From Northern Middle English at do (“to do”), supine of do, don (“to do”), see do. Influenced by Old Norse practice of marking supines using the preposition at, att (compare Danish at gå (“to go”)). More at at, do.
- trouble; troublesome business; fuss
- 1596-99?, William Shakespeare,The Merchant of Venice, Act I, scene i:
- 1902, William James, The Varieties of Religious Experience
- Probably a crab would be filled with a sense of personal outrage if it could hear us class it without ado or apology as a crustacean, and thus dispose of it. “I am no such thing,” it would say; “I am myself, myself alone.”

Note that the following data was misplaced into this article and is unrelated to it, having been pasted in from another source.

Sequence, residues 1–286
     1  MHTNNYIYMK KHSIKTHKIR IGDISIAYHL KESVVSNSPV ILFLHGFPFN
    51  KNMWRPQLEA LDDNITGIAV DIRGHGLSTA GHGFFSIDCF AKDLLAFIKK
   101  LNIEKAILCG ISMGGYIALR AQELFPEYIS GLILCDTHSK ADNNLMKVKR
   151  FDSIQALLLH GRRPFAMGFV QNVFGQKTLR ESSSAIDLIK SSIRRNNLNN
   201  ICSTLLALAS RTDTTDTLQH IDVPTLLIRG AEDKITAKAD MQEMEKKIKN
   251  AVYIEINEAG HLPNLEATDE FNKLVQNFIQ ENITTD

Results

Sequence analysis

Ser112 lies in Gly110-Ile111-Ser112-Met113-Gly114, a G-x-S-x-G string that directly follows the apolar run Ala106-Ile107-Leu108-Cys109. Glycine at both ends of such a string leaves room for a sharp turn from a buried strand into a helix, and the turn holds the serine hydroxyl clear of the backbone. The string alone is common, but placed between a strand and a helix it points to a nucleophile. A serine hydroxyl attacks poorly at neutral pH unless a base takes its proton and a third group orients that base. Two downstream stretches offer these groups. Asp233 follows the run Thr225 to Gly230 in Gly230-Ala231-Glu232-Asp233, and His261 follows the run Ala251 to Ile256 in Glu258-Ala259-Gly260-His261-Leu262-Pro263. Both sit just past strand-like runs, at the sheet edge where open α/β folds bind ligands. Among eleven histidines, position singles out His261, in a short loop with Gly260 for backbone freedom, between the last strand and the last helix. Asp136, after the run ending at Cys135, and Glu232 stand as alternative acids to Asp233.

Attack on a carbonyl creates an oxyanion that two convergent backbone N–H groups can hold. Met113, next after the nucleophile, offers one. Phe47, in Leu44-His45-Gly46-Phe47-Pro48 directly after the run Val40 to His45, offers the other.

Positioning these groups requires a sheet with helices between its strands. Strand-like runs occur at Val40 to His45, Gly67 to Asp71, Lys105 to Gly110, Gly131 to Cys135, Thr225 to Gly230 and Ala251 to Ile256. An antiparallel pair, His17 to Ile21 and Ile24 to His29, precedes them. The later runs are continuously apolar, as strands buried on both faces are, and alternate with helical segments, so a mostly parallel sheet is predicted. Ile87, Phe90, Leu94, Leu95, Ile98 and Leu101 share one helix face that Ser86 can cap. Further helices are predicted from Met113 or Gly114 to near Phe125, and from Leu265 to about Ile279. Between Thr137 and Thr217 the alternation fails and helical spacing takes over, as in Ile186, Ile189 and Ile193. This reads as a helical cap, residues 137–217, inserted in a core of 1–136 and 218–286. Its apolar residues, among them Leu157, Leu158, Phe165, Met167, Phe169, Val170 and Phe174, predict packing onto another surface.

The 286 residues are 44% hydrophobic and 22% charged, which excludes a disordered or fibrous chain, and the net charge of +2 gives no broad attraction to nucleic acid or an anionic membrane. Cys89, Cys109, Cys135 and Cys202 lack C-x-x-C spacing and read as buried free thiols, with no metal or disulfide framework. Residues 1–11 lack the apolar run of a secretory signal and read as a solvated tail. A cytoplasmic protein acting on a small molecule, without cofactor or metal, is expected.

- See also Thesaurus:commotion
- The translations below need to be checked and inserted above into the appropriate translation tables, removing any numbers. Numbers do not necessarily match those in definitions. See instructions at Wiktionary:Entry layout#Translations.
ado m, f (plural ados)